Skip to main content
  • Earlier diagnosis of AMD to help
    patients continue to lead full lives

New RapiDA smart digital
screening process

AMD, if undiagnosed or diagnosed late, leads to either debilitating loss of sight or blindness. Early detection is therefore vital if the progress of the disease is to be checked – an essential requirement but one that current screening techniques have for years fallen well short of meeting.

RapiDA addresses this problem with an innovative new smart digital screening process that diagnoses the disease at the earliest possible stage, when therapies can be administered to help patients continue to lead full and active lives.

RapiDA has been developed by a University of Manchester spin-out company, Mumac. Its technologies are affordable, easy to operate, have exceptional sensitivity and specificity and provide unique real-time data analysis.

The patented technology behind RapiDA has come from a team with an extremely high level of technical expertise and considerable experience of developing ophthalmic instruments and techniques. Other innovative ophthalmic products are currently in the Mumac pipeline.

Earliest possible detection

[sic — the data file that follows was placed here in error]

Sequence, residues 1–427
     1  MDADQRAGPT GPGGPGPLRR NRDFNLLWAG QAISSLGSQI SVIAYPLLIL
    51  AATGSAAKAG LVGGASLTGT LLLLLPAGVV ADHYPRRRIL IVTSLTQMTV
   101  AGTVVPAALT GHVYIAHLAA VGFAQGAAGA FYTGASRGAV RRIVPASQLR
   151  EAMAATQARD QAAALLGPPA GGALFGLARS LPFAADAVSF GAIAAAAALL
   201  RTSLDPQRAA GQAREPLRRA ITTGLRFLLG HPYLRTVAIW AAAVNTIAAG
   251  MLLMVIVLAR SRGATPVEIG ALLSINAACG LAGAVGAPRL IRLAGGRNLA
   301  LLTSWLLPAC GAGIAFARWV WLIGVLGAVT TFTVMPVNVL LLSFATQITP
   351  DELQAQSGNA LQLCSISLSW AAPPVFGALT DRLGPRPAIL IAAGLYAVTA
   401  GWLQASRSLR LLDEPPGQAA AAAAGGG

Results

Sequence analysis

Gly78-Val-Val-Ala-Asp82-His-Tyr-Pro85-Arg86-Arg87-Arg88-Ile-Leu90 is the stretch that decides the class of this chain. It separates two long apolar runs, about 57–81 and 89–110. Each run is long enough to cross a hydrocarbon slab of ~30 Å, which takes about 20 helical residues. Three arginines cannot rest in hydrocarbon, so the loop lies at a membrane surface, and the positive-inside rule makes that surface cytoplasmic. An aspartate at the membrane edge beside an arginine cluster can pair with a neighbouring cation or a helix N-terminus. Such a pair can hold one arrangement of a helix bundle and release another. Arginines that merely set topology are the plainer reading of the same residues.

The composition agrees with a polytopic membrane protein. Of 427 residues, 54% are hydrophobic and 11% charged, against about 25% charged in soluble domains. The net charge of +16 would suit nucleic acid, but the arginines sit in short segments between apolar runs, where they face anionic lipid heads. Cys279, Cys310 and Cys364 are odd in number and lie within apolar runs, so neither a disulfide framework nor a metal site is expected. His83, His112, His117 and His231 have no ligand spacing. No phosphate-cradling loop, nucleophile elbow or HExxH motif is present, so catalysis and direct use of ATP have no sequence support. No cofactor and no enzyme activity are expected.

RapiDA uses dark adaptation to detect AMD at the earliest possible stage. The earlier the diagnosis, the sooner therapies can be administered to interrupt or slow down the progression of the disease and help patients to live normal lives.

Fast, simple process

The RapiDA screening process can be undertaken in just five minutes. It is easy for patients to undergo and for operators to implement.

Ultra-modern design

RapiDA’s streamlined, ergonomically designed housing is extremely compact. Its small footprint makes it ideal for busy clinics and retail outlets.

Clinical trials

RapiDA has successfully undergone extensive clinical trials funded by the National Institute of Health Research (NIHR).

AMD: a major problem in people over 50

AMD is the biggest cause of sight loss in the UK and a major problem worldwide. In this country alone it affects over half a million people.

The disease leads to irreversible blindness when undiagnosed or, as is all too frequently the case, not diagnosed until it has reached an advanced stage, by which time it is too late.

RapiDA addresses this problem by allowing the earliest possible detection, when therapies can be effectively introduced top help prevent vision loss.